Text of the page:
Why It's A Faux Pas To Reach For The A1 Sauce At A Steakhouse

Like many upscale establishments, there are specific steakhouse etiquette rules when it comes to visiting and dining. Some are obvious, like dressing properly (e.g.: avoiding showing up dressed like you are going to the gym) while some are a little obscure, such as the right way to cut meat when it is first served to you. 

One of the rules that is not often mentioned, but is definitely worth following, is to refrain from requesting bottled steak sauce when your meal is served. You are free to get lost in the sauce in the comfort of your own home, but in a restaurant, it's cause for strange looks from your server. Not only are you expressing doubt about the quality of the steak and the skills of the chefs, but you are also missing out on multiple delicious dipping sauce options from the establishment.

Don't ask for bottled steak sauce

There are a couple of reasons why you should not demand steak sauce as soon as you receive your meal from your steakhouse server. First, steakhouses specialize in serving the best cuts of beef, aged in numerous ways to maximize the flavor of the meat. Dousing A1 on a quality steak is like pouring ketchup on lobster: It overwhelms the flavors of the meat. Furthermore, the kitchen crew of a steakhouse has extensive experience cooking and serving steaks that are perfectly seasoned. To dump steak sauce all over a steakhouse steak is as close to an insult as you can get without verbally abusing the chef.

Secondly, if you want a sauce to eat your steak with, there are so many options in a steakhouse outside of commercialized bottled sauces. Instead of asking for the familiar bottle of steak sauce, ask your server what types of sauces they have available. In most upscale steakhouses, chances are you will have several house-made sauces to choose from, from classics such as creamy and tangy Bearnaise sauce, rich peppercorn sauce, or a bright and herbaceous chimichurri. Ask the server what cause will go best with your particular cut of beef, and they might recommend something that is miles better.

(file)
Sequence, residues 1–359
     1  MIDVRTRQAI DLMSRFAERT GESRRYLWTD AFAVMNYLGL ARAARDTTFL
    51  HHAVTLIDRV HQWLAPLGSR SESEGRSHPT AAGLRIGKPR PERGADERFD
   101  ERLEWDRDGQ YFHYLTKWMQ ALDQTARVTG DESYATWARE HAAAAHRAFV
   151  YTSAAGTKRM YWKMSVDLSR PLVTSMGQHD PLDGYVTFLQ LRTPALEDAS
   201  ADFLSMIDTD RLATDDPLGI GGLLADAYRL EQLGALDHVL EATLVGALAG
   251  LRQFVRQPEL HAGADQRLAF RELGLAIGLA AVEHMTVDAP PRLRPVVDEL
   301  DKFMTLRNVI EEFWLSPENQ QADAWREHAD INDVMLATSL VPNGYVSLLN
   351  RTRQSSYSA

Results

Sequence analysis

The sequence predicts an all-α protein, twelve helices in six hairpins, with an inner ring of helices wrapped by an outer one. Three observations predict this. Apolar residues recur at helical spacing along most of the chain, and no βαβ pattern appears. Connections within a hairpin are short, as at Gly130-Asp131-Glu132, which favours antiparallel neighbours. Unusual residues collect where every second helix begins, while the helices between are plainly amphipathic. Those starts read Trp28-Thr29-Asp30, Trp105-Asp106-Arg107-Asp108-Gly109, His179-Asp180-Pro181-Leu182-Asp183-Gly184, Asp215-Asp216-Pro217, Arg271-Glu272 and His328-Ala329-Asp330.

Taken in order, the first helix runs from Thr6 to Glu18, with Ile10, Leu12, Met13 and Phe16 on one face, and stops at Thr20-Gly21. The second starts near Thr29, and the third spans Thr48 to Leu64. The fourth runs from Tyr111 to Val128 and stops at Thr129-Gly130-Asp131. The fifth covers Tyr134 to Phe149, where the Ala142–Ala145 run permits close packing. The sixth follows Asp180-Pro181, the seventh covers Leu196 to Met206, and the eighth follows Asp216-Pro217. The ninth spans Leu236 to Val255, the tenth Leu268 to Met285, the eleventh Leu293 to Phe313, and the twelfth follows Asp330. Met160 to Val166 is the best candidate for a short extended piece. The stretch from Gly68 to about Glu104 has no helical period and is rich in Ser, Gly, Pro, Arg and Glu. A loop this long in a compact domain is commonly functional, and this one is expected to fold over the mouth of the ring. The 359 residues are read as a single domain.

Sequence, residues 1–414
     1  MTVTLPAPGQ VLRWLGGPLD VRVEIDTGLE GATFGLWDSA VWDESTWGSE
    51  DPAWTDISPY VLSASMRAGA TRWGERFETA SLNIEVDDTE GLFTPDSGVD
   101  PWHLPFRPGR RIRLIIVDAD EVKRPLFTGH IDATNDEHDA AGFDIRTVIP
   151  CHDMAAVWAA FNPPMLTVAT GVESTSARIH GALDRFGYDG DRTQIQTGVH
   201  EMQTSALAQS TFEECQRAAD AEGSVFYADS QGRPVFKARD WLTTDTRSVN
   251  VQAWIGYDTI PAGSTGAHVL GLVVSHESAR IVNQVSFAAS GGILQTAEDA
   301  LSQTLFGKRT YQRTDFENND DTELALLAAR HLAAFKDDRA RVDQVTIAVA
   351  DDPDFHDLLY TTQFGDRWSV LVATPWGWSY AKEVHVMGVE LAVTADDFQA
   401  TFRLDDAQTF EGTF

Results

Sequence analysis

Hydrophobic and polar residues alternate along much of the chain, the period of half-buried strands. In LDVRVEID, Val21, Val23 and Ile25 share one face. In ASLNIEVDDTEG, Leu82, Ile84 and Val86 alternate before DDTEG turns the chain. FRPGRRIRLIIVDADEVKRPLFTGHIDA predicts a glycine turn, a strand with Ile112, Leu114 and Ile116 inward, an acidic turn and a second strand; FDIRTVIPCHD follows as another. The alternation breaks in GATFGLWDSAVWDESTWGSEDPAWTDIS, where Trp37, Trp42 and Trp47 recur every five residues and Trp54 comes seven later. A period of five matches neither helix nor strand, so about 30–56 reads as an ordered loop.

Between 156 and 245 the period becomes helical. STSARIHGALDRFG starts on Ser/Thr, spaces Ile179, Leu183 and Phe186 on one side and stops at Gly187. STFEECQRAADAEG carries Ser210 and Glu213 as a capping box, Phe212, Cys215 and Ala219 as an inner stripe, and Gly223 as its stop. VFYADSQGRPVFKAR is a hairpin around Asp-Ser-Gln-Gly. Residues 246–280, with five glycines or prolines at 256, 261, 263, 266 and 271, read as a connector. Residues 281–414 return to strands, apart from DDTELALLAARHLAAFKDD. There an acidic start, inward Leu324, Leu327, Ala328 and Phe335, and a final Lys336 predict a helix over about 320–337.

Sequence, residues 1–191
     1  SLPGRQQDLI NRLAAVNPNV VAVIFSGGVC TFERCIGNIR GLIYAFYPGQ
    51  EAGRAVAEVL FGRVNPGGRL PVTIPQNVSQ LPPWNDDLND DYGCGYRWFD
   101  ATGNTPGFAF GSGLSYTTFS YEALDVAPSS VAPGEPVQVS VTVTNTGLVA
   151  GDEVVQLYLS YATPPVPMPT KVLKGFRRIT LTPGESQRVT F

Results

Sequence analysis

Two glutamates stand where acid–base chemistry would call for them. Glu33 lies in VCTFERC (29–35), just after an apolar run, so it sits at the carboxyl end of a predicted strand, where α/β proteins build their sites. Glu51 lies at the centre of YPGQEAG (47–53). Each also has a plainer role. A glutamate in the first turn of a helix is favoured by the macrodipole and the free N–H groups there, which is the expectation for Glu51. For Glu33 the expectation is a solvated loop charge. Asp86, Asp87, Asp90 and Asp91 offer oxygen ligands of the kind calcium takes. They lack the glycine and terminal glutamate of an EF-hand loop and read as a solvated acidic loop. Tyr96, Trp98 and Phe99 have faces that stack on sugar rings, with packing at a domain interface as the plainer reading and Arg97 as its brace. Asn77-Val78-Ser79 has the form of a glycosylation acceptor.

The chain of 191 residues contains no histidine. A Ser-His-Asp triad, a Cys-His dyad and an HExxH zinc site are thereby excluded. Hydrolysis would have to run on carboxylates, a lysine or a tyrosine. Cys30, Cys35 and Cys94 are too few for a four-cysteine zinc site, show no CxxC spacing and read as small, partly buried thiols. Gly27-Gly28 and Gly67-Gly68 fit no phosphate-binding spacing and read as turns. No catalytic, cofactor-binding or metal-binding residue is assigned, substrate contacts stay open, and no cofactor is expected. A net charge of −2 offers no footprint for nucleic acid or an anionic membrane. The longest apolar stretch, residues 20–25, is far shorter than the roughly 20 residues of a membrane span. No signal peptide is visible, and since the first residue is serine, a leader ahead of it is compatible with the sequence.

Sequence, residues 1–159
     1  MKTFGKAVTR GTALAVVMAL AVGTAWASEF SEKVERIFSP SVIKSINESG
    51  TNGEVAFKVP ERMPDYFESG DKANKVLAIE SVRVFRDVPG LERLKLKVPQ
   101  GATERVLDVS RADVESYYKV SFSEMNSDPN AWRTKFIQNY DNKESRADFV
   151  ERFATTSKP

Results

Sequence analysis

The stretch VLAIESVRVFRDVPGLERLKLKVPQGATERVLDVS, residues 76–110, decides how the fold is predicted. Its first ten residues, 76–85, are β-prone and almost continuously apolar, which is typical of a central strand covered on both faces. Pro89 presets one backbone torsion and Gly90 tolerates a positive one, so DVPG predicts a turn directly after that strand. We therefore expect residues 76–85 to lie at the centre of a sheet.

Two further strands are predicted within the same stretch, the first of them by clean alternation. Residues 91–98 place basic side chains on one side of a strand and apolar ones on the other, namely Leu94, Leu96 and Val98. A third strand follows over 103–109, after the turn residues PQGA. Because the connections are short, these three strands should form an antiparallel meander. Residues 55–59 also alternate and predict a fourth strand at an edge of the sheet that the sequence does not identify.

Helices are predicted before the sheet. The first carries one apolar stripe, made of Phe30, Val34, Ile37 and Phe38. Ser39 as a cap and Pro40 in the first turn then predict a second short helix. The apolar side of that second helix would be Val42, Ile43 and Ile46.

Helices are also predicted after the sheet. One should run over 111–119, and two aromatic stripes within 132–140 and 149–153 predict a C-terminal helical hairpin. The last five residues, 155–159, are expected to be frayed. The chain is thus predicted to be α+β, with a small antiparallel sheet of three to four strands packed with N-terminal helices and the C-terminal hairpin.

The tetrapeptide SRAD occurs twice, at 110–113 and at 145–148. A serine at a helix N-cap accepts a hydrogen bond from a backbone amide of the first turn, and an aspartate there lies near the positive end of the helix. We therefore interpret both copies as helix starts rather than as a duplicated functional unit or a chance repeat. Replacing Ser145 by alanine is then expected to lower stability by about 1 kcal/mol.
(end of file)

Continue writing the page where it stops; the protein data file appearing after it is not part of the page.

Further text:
Making your own steak sauces at home

Once you learn to enjoy a steak without using bottled sauce, there is a world of possibilities to explore. For example, the aforementioned bearnaise sauce — made with butter, egg yolks, lemon juice, and tarragon — is a rich and tangy option that will work wonders on a piece of lean filet. Unlike brown steak sauce, a bearnaise will not overwhelm your palate with sweet and tangy notes that prevent you from tasting the perfectly cooked steak. Furthermore, with its delicate taste and rich texture, a bearnaise is also perfect for grilled or steamed vegetables such as asparagus, making this sauce a dual-purpose treat.

Alternatively, if you prefer acidic and spicy profiles, try chimichurri — bright with citrus, spicy with chilis, and easy to make at home in batches. In a food processor, mix olive oil, lemon juice, lime zest, chilis, parsley, cilantro, oregano, salt, and pepper until everything is coarsely chopped. You can use chimichurri on any grilled proteins, including seafood and chicken, or dressed over fresh tomatoes and greens.

Lastly, there's always easy-peasy browned butter. As you cook your steak, throw in large hunks of butter and fresh aromatics (like sage or rosemary, stems intact). Bathe your steak in the melted butter, and when you plate, drizzle a little of the caramelized liquid over your meat for a sumptuous and simple sauce. To really kick it up a notch, try Café de Paris butter to make home-cooked steak feel restaurant-quality.